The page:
New cytotoxic chemotherapy regimens and novel combinations are being evaluated in clinical trials in an effort to improve the outcomes of chemotherapy in the adjuvant and palliative settings in patients with biliary tract cancer, including cholangiocarcinoma (CCA), said Angela Lamarca, MD, PhD, MSc, Consultant, Medical Oncology, the Christie NHS Foundation Trust, Manchester, United Kingdom. She discussed the future of cytotoxic chemotherapy for this patient population at the 2020 Cholangiocarcinoma Summit.
In the adjuvant setting, the current gold standard for the treatment of patients with CCA is capecitabine. Developing more effective cytotoxic chemotherapy regimens are needed, because not all patients have adequate tissue for molecular profiling that would allow selection of targeted therapy, she said.
“Almost 1 of every 4 patients [with CCA] that were referred for molecular profiling didn’t have enough tissue in that biopsy,” Dr Lamarca explained. “The second problem we are facing is that even for those patients where we do have enough tissue from molecular profiling, around 60% of them will not have a targetable finding. Therefore, we need better options for this 60% of patients with CCA,” she said.
The ACTICCA 1 study is a multicenter, prospective, randomized phase 3 clinical trial designed to compare the efficacy and safety of adjuvant gemcitabine plus cisplatin versus capecitabine after resection of CCA and muscle-invasive gallbladder cancer.
“Until we have the results, capecitabine remains the standard of care,” said Dr Lamarca.
Triple-drug chemotherapy with gemcitabine, cisplatin, and S1 (an oral fluoropyrimidine prodrug) improved median progression-free survival versus gemcitabine plus cisplatin alone (7.4 vs 5.5 months, respectively) and overall survival (13.5 vs 12.6 months, respectively) in a randomized phase 3 clinical trial of patients with advanced biliary tract cancer.
Nevertheless, these benefits may not be enough to justify the added toxicity of S1, Dr Lamarca noted. Still, the higher response rate with the triplet regimen (41.5%) than with the doublet therapy (15%) may make the triplet regimen beneficial in the neoadjuvant setting or for patients with locally advanced disease.
“Not all the triple combinations have been successful,” Dr Lamarca pointed out. For example, a modified FOLFIRINOX regimen did not improve progression-free survival versus cisplatin and gemcitabine in patients with advanced biliary tract cancer.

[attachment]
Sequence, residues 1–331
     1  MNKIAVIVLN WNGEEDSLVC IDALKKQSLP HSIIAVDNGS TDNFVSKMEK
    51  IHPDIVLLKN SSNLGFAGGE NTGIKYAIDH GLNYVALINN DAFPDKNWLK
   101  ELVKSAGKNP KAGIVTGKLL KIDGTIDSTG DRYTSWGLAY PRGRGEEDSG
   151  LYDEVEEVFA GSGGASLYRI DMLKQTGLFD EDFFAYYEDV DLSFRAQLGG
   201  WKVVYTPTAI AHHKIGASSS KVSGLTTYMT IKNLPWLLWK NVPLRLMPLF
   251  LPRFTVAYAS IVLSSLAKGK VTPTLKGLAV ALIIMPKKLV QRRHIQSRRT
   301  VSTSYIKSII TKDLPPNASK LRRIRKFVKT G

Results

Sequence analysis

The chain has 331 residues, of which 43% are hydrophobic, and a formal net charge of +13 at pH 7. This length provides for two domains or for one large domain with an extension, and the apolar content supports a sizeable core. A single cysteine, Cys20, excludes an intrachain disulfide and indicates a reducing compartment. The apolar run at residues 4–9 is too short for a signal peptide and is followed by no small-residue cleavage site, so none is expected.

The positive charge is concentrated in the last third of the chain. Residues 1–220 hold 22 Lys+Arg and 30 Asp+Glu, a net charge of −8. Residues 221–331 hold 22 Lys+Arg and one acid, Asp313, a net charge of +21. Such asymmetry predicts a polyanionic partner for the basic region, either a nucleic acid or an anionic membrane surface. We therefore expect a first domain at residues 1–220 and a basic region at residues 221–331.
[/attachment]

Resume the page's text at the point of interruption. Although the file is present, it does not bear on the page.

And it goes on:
Approximately 17% of patients with biliary tract cancer have a DNA damage repair (DDR) gene mutation, indicating a potential role for platinum-based chemotherapy in this patient population. Although some studies report longer survival with such regimens in patients with DDR mutations, others do not.
The investigational compound NUC-1031 is designed to overcome key resistance mechanisms to gemcitabine, resulting in increased intracellular levels of the anticancer metabolite gemcitabine triphosphate. In a phase 1b study, the combination of NUC-1031 and cisplatin as first-line therapy for advanced biliary tract cancer led to responses in 4 patients, including 3 partial responses, among 8 patients with locally advanced or metastatic disease. A phase 3 study of NUC-1031 plus cisplatin versus cisplatin plus gemcitabine is underway.
Novel treatment targets that have been identified in biliary tract cancer, mainly in patients with intrahepatic CCA, include fusion proteins. Fusion proteins are likely oncogenic drivers, because the use of tyrosine kinase inhibitors (TKIs) has induced clinically meaningful responses in patients with intrahepatic CCA harboring FGFR2 fusions.
Although immunotherapy monotherapy for the treatment of CCA has shown disappointing results, combining immunotherapy with chemotherapy has resulted in response rates superior to those obtained with immunotherapy alone, said Dr Lamarca.
“Because of that, there are at least 3 randomized phase 3 clinical trials in the first-line setting combining immunotherapy compounds with gemcitabine, and comparing the outcomes to cisplatin and gemcitabine alone,” Dr Lamarca pointed out.
Finally, combining immunotherapy with TKIs is a rational strategy that has shown promising early results in patients with advanced biliary tract cancer. Combinations with early data to support their efficacy include the combination of immunotherapy with the PD-1 inhibitor toripalimab plus the multikinase inhibitor lenvatinib (Lenvima) and oxaliplatin plus gemcitabine, as well as the combination of the TKI imatinib (Gleevec) plus the PD-1 inhibitor pembrolizumab (Keytruda).